BGI’s roots are in its sequencing business but Wang Jian told The Founder that the future of the company could lie in newer areas such as genetic medical tests, a unit that experienced a seven-fold increase in revenues last year.For example, BGI came up with a non-invasive gene test that finds Down’s Syndrome in unborn babies. Nearly 100,000 women in China have undergone the test, which is an alternative to a more complicated procedure that comes with a risk of miscarriage.

But BGI’s greatest cash cow may lie further in the future. That’s because as improvements in technology make the cost of sequencing ever cheaper, it gets more feasible to provide a full map of an individual’s DNA. With this information to hand, it could become possible to find out whether a person is susceptible to certain diseases, or prescribe the most effective treatments.

The cost of a personalised sequence is much cheaper than it used to be but at around Rmb100,000 it is still beyond the budget of the average patient. But if costs continue to decline, getting an individual genetic blueprint could become standard.

If that happens, Wang Jian forecasts that BGI revenues could reach Rmb1 trillion.

Predicting such ‘sales’ remains highly speculative, if only because this field of science is still in its infancy. Knowledge of how genes relate to a particular condition or disease is still very basic. For some conditions, such as Down’s Syndrome and cystic fibrosis, it is already possible to lay down a marker in the DNA. But others are more complicated and harder to predict by looking at an individual genome. Add in environmental factors and the picture becomes even harder to read.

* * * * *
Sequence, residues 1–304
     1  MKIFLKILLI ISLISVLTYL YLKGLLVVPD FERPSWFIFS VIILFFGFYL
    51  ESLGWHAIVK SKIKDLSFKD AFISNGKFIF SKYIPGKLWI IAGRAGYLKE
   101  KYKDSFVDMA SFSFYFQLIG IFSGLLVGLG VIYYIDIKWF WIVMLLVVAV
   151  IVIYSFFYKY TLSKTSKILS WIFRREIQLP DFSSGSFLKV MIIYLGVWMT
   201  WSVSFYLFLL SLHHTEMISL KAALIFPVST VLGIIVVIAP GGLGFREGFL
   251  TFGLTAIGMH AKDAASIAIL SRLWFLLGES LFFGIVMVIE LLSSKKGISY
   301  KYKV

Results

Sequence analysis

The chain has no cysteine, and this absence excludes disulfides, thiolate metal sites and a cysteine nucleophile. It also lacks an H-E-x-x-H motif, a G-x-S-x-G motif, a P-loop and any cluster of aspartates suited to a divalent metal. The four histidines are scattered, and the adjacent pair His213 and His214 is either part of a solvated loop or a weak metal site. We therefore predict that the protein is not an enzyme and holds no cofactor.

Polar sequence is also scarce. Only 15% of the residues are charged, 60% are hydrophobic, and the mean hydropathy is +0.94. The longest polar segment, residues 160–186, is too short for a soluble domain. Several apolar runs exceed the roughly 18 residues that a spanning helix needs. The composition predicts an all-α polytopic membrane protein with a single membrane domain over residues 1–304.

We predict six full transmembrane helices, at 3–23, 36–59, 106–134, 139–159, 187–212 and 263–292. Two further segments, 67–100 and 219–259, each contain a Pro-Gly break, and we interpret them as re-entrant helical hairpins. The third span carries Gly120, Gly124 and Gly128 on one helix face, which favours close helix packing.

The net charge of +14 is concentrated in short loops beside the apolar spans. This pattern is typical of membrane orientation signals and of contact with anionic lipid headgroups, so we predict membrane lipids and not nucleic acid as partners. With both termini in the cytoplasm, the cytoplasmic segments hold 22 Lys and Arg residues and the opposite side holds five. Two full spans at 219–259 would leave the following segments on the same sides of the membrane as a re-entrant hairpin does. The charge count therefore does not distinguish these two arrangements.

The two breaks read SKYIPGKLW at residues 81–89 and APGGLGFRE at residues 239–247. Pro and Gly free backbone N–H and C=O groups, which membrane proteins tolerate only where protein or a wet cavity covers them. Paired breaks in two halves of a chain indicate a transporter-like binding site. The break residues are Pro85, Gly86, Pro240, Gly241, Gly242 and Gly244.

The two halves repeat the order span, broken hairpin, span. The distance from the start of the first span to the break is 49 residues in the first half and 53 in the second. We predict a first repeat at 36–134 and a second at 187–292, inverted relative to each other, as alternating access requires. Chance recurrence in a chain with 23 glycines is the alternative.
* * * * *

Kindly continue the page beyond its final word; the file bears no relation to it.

This is why the Human Genome Project has yet to revolutionise practical healthcare. The mountain of genetic data is piling up but scientists aren’t quite sure how to use it.

In the meantime, BGI still has its core business of sequencing genomes for other institutions, something that looks set to get a boost from its recent acquisition of Complete Genomics. In April, BGI completed a $117.6 million acquisition of the California-based provider of genome sequencing technology.

Access to Complete Genomics’ sequencing technology should also make BGI less dependent on its main supplier of equipment, Illumina Inc – another US firm that dominates the global market for sequencing machines.

As Illumina was also in the running to buy Complete Genomics, it should be no surprise that it sought to play the national security card to scotch BGI’s rival bid, reports Businessweek. But in this instance, it failed to persuade Washington lawmakers that the takeover was a threat to national security. With the deal completed, BGI gets more than a boost to its technical capabilities: it will also gain access to Complete Genomic’s stash of genetic information. Pooling these two large sets of data will provide greater opportunity to make connections within the larger mass of biological code.

Genomics is rapidly evolving into a ‘big data’ project. Companies with the most information and the greatest amount of processing power are more likely to come up with the kind of discoveries that can be converted into healthcare solutions (and lucrative revenue streams).

Another field for BGI is proteomics, which focuses on proteins. As an article in TIME magazine put it a fortnight ago, understanding proteomes is complementary to mapping genomes. It reveals not just the genetic likelihood of getting a given disease but can also warn if a disesase has begun to develop.

BGI’s list of goals is a heady one: it aims to improve the human lifespan by five years, increase global food production by 10%, decode half of all genetic diseases and cut birth defects by 50%.

“We are a little bit ambitious,” admits Wang Jun, “but we are ambitious for good reason.” After all, BGI expects to sequence 50,000 genomes this year, more than 10 a minute, Toronto’s Globe and Mail points out.